Thanks for the hint! I now move the rect according to delta time (which is usually 16 / 17 ms @ 60 FPS), but still it's the same result: A notable "lag" after every 0.5 seconds or so.   Here's the code again: import sys import pygame pygame.init() display = pygame.display.set_mode((640, 480), pygame.FULLSCREEN) clock = pygame.time.Clock() FPS = 60 def motion_test(): dt = 0 rect_pos = [0.0, 240.0] rect = pygame.rect.Rect(rect_pos, (40, 40)) rect_speed = 60 # pixels per sec while 1: # clear display display.fill((0, 0, 0)) # check quit for e in pygame.event.get(): if (e.type == pygame.QUIT or e.type == pygame.KEYDOWN and e.key == pygame.K_ESCAPE): pygame.quit() sys.exit() # move the rect dt = clock.get_time() rect_pos[0] += rect_speed * dt / 1000.0 if rect_pos[0] >= 640: rect_pos[0] = 0.0 rect.topleft = rect_pos # draw the rect and flip the display pygame.draw.rect(display, (255, 0, 0), rect) pygame.display.flip() # tick the clock clock.tick(FPS) if __name__ == "__main__": motion_test() I will try again using 30 FPS, just a moment...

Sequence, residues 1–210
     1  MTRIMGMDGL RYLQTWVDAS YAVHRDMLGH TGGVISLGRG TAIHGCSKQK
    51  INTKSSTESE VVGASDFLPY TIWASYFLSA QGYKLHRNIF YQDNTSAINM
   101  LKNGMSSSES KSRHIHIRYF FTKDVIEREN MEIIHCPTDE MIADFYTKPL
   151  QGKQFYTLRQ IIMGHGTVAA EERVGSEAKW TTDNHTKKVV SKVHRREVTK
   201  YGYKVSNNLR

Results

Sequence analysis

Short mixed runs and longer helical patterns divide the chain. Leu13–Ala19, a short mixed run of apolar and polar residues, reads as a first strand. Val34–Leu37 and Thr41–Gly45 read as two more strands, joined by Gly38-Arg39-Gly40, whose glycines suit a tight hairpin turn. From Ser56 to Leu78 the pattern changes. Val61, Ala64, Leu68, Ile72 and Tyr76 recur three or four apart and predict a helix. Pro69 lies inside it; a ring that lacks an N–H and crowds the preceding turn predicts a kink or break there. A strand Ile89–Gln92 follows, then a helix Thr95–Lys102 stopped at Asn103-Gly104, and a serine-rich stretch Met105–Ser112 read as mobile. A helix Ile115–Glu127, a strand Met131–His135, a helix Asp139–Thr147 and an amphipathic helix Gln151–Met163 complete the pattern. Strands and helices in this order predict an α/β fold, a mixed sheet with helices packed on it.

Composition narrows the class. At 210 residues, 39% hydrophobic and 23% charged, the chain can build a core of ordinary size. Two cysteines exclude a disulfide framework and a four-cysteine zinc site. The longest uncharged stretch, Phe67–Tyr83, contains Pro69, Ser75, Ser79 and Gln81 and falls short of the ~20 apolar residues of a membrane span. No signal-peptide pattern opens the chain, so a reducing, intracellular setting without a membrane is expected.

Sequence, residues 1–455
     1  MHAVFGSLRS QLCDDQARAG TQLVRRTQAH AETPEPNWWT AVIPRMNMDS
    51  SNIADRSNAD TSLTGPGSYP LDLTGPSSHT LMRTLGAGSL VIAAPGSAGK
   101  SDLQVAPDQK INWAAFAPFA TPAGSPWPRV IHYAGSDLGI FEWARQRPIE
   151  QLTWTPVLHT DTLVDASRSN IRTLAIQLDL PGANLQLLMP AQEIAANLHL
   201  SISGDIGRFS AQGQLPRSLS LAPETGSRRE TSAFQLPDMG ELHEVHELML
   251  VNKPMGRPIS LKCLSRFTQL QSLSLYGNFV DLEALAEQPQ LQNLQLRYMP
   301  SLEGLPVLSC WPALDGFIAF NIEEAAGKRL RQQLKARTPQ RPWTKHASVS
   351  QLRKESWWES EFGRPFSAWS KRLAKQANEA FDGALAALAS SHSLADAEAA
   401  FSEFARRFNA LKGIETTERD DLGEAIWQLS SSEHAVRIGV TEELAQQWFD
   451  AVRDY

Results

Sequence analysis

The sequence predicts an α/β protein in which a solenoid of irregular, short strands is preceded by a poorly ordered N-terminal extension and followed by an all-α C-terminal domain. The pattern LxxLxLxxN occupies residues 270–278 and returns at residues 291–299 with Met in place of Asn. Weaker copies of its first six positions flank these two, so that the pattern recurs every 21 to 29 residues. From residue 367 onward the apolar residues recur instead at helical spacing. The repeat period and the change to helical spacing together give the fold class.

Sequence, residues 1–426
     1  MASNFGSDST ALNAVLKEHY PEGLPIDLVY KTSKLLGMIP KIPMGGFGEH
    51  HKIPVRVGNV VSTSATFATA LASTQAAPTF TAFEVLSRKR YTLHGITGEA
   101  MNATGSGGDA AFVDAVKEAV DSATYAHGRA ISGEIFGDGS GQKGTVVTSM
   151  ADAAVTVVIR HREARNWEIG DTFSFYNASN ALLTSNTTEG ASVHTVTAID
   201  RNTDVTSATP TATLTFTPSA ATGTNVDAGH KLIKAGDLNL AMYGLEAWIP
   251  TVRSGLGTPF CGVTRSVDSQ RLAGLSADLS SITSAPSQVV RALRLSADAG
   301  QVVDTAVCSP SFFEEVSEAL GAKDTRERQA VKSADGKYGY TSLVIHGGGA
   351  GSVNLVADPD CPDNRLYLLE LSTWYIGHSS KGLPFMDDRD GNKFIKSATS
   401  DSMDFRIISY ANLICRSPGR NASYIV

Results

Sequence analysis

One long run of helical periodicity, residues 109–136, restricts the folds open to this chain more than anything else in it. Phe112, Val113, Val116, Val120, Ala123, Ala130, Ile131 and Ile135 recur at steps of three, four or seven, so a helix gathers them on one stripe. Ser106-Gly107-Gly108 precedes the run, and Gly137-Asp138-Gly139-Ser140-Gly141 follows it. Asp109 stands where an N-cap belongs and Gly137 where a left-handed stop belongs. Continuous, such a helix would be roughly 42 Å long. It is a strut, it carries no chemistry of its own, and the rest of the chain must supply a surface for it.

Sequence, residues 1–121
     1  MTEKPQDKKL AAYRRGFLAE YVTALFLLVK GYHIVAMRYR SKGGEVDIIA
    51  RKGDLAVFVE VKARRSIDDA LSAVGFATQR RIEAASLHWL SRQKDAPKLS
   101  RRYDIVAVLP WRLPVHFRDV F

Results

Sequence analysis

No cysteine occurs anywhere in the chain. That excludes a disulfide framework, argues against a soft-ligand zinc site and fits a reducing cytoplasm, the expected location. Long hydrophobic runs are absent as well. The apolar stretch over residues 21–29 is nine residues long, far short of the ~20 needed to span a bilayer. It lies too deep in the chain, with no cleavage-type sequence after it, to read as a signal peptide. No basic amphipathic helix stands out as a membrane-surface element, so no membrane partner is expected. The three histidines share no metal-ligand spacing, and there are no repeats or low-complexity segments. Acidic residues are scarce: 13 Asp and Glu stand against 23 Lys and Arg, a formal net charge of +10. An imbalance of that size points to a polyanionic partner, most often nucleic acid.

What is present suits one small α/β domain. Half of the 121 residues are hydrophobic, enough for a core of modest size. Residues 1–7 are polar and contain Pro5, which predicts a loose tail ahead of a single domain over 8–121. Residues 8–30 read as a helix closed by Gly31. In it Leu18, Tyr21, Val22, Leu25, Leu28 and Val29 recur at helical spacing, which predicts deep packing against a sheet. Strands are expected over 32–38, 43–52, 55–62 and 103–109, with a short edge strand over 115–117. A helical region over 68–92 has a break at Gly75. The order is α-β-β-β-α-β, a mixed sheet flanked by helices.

5. I've got a huge issue with pygame. Movement is always a bit jerky, even if the code is as simple as can be. Try running this simple example which moves a rect by 1 pixel at 60 FPS: import sys import pygame pygame.init() display = pygame.display.set_mode((640, 480), pygame.FULLSCREEN) clock = pygame.time.Clock() FPS = 60 def motion_test(): rect = pygame.rect.Rect((0, 240), (40, 40)) while 1: # clear display display.fill((0, 0, 0)) # check quit for e in pygame.event.get(): if (e.type == pygame.QUIT or e.type == pygame.KEYDOWN and e.key == pygame.K_ESCAPE): pygame.quit() sys.exit() # move the rect by 1 pixel rect.x += 1 if rect.x >= 640: rect.x = 0 # draw the rect and flip the display pygame.draw.rect(display, (255, 0, 0), rect) pygame.display.flip() # tick the clock clock.tick(FPS) if __name__ == "__main__": motion_test() No matter on what hardware I test this, the rect is moving jerky. Every like half a second or so, it "jumps" a bit. It's just not smooth motion. Please, this makes me mad... does anybody know what might cause this? Is it pygame itself, or Python's garbage collection, or the OS, or just what? Any ideas? Do you see the same running the example?   (Win7 64bit, Pygame 1.9.1, Python 2.7.3)  
  6. Don Polettone

    Double Dragon 2 (NES) - Physics and collision

    Thanks, but can you please go a bit more into detail? I still don't get how it actually works and how I should go on.